17 Oct 2009

"Which is what happens when you call the Feds!"

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One of my favorite scenes in Firefly–a show that was taken from us much too soon–is from the episode “Ariel” when Jayne tries to collect the reward on the fugitives traveling with them, and the official with whom he had the deal ends up arresting Jayne and trying to collect the bounty himself.

Now I am not 100% sure this is what went down, but I think this is the chronology:

(1) Obama cut a deal with the insurance industry in the spring, where he agreed the government wouldn’t try to limit prescription payments etc., and would have a high fine of non-insured in order to funnel a bunch of new “customers” onto the insurance rolls, in exchange for the insurers running a favorable ad campaign. (Recall that hardcore progressive activists called Obama a “charming liar” after he cut the deal.)

(2) When Wolf Blitzer was amazing (for a CNN reporter) and kept pressing David Axelrod on why the federal government doesn’t break down barriers to interstate competition–if all the government wants is more choices and lower prices for consumers–Axelrod shucks and jives but ultimately offers the reason that the feds don’t want to interfere with state legislation.

(3) For some reason, the deal broke down. This lefty writer blames the insurers for overreaching, though they weren’t crafting the legislative details so that seems a bit weird to me. (I.e. if they were happy at one point with what they thought the deal was going to be, and then as the legislation emerged they were unhappy, I’m thinking it’s because the politicians reneged on the deal.)

(4) The insurers switched gears and instead of funding pro-“reform” commercials, they fund a study saying government involvement will drive up costs. (I haven’t read the study, but I think it could have been one sentence: “Government involvement will drive up costs.” And then there would be a footnote to that one sentence which reads, “See: U.S. history.”)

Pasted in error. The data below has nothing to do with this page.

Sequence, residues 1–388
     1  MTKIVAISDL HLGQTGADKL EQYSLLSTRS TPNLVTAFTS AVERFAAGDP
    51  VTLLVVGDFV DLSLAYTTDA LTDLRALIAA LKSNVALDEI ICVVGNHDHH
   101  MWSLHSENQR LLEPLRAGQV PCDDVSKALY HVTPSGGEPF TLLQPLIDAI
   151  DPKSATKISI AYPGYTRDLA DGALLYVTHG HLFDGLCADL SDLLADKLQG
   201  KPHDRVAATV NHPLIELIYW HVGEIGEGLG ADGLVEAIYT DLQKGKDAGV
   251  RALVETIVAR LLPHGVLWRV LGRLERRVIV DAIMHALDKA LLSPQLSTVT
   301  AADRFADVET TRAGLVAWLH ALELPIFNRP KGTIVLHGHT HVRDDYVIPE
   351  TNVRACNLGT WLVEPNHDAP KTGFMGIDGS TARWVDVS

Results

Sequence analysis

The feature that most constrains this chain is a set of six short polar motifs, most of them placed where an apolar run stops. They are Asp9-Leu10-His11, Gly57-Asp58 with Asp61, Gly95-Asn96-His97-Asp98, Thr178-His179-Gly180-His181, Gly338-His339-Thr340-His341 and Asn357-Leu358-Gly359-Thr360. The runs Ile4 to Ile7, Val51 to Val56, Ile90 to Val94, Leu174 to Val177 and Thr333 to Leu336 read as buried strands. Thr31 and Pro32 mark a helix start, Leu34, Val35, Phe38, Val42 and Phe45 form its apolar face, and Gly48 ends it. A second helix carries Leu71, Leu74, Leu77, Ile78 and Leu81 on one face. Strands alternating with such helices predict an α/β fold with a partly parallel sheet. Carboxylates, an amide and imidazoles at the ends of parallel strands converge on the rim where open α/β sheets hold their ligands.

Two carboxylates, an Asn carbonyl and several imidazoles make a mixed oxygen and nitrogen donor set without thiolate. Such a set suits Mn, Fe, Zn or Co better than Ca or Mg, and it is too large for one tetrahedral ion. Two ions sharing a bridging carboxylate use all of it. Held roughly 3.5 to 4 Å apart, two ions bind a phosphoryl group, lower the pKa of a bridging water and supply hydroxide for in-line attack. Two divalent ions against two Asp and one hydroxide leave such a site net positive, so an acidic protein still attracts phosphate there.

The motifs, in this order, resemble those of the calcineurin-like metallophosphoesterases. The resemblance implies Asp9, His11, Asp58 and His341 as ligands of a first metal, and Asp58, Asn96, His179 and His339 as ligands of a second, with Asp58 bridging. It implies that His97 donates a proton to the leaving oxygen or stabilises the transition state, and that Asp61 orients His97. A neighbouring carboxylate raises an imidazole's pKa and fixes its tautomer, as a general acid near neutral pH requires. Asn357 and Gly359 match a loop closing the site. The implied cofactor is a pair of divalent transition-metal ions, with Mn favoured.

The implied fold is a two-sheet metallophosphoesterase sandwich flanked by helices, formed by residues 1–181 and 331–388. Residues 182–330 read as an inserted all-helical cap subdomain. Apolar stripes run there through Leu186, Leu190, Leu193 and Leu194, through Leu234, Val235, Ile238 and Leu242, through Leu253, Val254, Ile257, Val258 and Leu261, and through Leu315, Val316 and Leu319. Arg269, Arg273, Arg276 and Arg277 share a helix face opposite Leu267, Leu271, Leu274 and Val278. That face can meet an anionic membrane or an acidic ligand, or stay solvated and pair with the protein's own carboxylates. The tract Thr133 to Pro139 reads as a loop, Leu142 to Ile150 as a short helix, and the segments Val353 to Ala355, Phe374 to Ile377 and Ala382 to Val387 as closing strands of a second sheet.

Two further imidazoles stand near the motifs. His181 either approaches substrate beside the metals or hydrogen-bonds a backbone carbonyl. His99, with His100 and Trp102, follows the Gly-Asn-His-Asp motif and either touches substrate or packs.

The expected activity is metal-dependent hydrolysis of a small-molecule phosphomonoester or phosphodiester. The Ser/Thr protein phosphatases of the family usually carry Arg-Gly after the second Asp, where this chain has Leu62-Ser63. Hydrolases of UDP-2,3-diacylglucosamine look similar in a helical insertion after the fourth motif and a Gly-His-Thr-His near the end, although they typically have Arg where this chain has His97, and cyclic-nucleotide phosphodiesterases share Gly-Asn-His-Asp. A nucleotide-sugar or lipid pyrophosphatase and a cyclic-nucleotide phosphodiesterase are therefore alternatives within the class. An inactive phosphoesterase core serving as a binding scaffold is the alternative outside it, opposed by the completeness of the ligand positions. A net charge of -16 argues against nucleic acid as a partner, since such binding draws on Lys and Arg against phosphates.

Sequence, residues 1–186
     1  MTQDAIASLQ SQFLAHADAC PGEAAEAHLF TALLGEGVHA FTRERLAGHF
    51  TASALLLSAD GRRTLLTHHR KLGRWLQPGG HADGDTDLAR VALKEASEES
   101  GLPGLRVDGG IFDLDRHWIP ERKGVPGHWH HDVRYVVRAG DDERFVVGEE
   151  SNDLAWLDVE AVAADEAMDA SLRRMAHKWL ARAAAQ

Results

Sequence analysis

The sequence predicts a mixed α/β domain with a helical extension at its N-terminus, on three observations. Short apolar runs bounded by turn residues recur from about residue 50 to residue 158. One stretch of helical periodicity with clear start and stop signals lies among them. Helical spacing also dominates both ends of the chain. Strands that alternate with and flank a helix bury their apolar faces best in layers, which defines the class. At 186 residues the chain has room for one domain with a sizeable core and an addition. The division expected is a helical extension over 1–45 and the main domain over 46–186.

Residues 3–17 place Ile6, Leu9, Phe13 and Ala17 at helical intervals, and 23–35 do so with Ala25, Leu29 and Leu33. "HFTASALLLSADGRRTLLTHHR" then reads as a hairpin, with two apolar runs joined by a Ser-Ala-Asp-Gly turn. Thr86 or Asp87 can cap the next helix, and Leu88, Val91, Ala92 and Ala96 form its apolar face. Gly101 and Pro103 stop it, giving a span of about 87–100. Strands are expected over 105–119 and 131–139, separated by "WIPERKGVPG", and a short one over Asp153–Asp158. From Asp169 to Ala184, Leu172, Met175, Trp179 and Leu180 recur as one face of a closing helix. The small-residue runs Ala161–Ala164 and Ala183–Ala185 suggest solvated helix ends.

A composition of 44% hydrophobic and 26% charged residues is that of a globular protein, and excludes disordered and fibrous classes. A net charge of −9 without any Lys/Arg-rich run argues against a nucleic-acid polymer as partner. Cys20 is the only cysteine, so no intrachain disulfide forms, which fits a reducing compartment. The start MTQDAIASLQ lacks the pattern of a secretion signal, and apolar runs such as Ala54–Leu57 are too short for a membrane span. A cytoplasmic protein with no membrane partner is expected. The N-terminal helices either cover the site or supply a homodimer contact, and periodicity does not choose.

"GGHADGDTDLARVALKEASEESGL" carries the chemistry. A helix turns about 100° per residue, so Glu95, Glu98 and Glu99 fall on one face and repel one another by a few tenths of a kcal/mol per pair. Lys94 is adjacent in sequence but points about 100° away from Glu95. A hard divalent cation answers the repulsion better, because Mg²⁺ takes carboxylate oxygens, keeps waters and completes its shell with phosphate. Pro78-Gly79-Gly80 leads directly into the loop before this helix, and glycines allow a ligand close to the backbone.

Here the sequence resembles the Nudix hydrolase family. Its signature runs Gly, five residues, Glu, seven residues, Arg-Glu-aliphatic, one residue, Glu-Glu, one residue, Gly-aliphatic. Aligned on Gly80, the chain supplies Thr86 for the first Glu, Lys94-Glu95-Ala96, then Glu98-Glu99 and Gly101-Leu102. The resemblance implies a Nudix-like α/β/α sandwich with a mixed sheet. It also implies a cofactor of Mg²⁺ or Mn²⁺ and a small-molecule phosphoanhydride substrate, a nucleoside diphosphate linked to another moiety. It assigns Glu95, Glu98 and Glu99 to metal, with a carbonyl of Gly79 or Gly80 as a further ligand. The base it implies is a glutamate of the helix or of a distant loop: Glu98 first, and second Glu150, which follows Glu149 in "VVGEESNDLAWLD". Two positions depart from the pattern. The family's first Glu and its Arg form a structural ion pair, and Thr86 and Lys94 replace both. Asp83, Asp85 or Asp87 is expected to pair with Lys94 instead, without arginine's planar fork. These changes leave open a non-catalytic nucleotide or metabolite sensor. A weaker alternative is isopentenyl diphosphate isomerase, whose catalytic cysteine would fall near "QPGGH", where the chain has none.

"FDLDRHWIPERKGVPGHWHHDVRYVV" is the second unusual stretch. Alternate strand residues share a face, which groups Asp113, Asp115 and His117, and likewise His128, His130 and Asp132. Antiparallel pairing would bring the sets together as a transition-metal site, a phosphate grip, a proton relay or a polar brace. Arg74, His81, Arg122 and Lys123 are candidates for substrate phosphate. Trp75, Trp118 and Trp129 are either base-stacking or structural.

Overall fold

(5) In response to the scurrilous study based on lies and scare tactics, members of Congress and now Obama himself are threatening to remove the insurance industry’s anti-trust exemption–which means overriding state regulations of insurers. (BTW Tyler Cowen has been doing a great job highlighting the sheer outrageousness of this–changing federal law to punish people who publicly disagree with proposed legislation. Read the comments at Tyler’s initial post and see how many “progressives” don’t even get what Tyler is complaining about. Seriously, how can someone not even see the potential problem when the government decides to revisit a regulation after the businesses it holds life and death over, decide to oppose the government? It doesn’t matter if this particular bunch of progressives is sincere or not; they are clueless when it comes to assessing the dangers posed by various sections of our culture, i.e. corporations versus the government.)

Conclusion: As Stewie from Family Guy would say to the insurers: What did you learn?

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